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Table of Contents
Year : 2021  |  Volume : 58  |  Issue : 4  |  Page : 359-367

Scrub typhus associated acute kidney injury: An emerging health problem in Odisha, India

1 ICMR-Regional Medical Research Center, Chandrasekharpur, Bhubaneswar-751023, Odisha, India
2 Department of Nephrology, SCB Medical College and Hospital, Cuttack, Odisha, India

Date of Submission26-Aug-2020
Date of Acceptance09-Dec-2020
Date of Web Publication25-Mar-2022

Correspondence Address:
Dr Manoranjan Ranjit
ICMR-Regional Medical Research Center, Chandrasekharpur, Bhubaneswar-751023, Odisha
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Source of Support: None, Conflict of Interest: None

DOI: 10.4103/0972-9062.318318

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Background & objectives: Acute kidney injury associated with scrub typhus is an emerging health problem in the tropics including India. This study intended to find out the incidence, clinical outcome, cytokine response and genotypes of Orientia tsutsugamushi associated with AKI patients in Odisha, a state in eastern India. Methods: Acute febrile illness or history of acute fever with various degrees of kidney involvement admitted to SCB Medical College Hospital, Cuttack were included in the study. A detailed demographic characteristics and clinical features were recorded with pre-tested questionnaire at the time of admission. Scrub Typhus was detected by ‘IgM ELISA’ test (OD > 0.5) and PCR. Routine urine, haematological and biochemical tests were performed. Genotyping of the Orientia tsutsugamushi was done using 56-kDa gene for Orientia species and phylogenetic tree by neighbor-joining method. The plasma level of the IFN-γ (pro-inflammatory cytokine) and IL10 (anti-inflammatory) were measured by commercially available ELISA kit. The statistical analysis was performed using Graph Pad Prism software (version 4).
Results: Out of 140 acute febrile illness or history of acute febrile illness patients with AKI admitted to hospital, 32.14% were confirmed to be scrub typhus positive; eschar was seen in 17.8% of them. Of the total scrub typhus positive cases, 24.4% were having multi organ dysfunction. Majority of the AKI patients (60%) were in the “failure” category under RIFLE criteria. The mortality rate was 20.0%. Risk of dialysis requirement and mortality increases with RIFLE classification. “Karp” was the predominant circulating genotype. IFN-γ and IL10 level was high among the scrub typhus associated AKI patients.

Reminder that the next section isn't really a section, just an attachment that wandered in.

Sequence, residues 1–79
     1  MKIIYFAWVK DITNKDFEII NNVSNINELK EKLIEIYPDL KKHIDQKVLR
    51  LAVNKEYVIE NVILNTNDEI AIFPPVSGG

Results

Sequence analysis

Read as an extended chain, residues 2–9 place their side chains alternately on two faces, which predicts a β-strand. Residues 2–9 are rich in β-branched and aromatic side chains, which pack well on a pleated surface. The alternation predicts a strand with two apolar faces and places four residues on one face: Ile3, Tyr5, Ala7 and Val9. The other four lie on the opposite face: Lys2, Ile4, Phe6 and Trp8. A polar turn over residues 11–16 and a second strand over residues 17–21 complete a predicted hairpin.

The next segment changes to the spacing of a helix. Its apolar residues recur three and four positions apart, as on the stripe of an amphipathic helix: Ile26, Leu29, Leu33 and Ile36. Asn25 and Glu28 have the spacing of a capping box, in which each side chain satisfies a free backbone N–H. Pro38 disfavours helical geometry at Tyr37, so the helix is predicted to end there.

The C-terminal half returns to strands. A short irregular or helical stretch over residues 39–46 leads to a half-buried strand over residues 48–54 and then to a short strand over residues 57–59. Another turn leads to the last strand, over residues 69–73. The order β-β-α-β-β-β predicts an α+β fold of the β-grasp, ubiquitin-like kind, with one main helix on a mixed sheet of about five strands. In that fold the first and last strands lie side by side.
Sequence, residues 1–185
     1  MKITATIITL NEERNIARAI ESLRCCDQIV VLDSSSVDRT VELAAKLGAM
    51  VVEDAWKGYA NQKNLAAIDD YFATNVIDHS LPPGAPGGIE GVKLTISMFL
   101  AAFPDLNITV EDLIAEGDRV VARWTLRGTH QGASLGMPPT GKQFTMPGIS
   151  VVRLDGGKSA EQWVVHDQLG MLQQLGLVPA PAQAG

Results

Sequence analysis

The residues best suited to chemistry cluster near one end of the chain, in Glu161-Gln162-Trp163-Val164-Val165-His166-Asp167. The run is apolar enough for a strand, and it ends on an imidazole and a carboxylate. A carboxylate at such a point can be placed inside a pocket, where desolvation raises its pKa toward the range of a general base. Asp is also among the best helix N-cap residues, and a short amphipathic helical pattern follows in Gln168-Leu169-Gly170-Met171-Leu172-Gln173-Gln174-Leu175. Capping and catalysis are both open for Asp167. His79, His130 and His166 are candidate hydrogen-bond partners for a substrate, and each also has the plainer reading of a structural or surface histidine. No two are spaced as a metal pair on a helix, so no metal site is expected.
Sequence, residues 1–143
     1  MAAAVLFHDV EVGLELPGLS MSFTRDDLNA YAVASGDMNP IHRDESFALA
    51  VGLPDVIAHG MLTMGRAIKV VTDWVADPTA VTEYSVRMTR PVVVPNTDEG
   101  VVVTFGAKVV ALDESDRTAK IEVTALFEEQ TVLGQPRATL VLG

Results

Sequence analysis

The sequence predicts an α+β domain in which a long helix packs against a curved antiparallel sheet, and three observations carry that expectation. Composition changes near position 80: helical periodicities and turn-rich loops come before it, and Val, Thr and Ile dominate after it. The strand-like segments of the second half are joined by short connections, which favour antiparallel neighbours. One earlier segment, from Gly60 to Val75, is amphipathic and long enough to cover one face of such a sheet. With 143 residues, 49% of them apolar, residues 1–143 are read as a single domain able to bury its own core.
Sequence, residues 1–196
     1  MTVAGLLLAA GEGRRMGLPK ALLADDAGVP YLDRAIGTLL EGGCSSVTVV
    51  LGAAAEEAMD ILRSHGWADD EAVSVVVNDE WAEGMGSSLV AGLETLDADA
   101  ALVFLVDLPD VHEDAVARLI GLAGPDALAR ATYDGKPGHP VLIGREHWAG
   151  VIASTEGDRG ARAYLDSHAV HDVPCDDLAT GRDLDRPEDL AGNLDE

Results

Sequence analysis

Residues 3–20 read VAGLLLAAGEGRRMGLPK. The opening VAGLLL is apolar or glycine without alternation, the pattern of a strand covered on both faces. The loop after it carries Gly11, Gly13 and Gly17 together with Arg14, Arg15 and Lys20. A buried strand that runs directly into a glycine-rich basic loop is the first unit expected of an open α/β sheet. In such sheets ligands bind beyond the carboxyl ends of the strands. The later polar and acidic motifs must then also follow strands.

Interpretation & conclusion: The study shows a high incidence of scrub typhus associated AKI and high case fatality rate. Hence, emphasis should be given on differential diagnosis. RIFLE classification is applicable with increment risk of dialysis requirement and death. An in-depth study is required to determine the role of O. tsutsugamuchi KARP strain and INF-γ/ IL-10 in disease severity so as to identify a prognostic marker.

Keywords: Scrub typhus; Acute Kidney Injury; Genotype; Cytokine response; Odisha; India

How to cite this article:
Bal M, Kar CR, Behera HK, Kar PC, Biswas S, Dixit S, Khuntia HK, Pati S, Ranjit M. Scrub typhus associated acute kidney injury: An emerging health problem in Odisha, India. J Vector Borne Dis 2021;58:359-67

How to cite this URL:
Bal M, Kar CR, Behera HK, Kar PC, Biswas S, Dixit S, Khuntia HK, Pati S, Ranjit M. Scrub typhus associated acute kidney injury: An emerging health problem in Odisha, India. J Vector Borne Dis [serial online] 2021 [cited 2022 May 21];58:359-67. Available from: https://www.jvbd.org/text.asp?2021/58/4/359/318318

  Introduction Top

Scrub typhus caused by Orientia tsutsugamushi, has recently been identified as a re-emerging health problem causing up to 30% deaths in untreated cases in Asia-Pacific region[1], thus WHO is emphasizing the need for sur- veillance[2]. In the Indian sub-continent during the recent past, several epidemics of scrub typhus have been reported from northern, eastern and southern regions causing a serious public health concern[3],[4]. Clinically, scrub typhus varies from a self-limiting acute febrile illness to severe course. Based on the involvement of the organ patient could develop pneumonitis, meningoencephalitis, acute respiratory distress syndrome (ARDS), acute kidney injury (AKI), myocarditis, septic shock and multiple organ failures[5].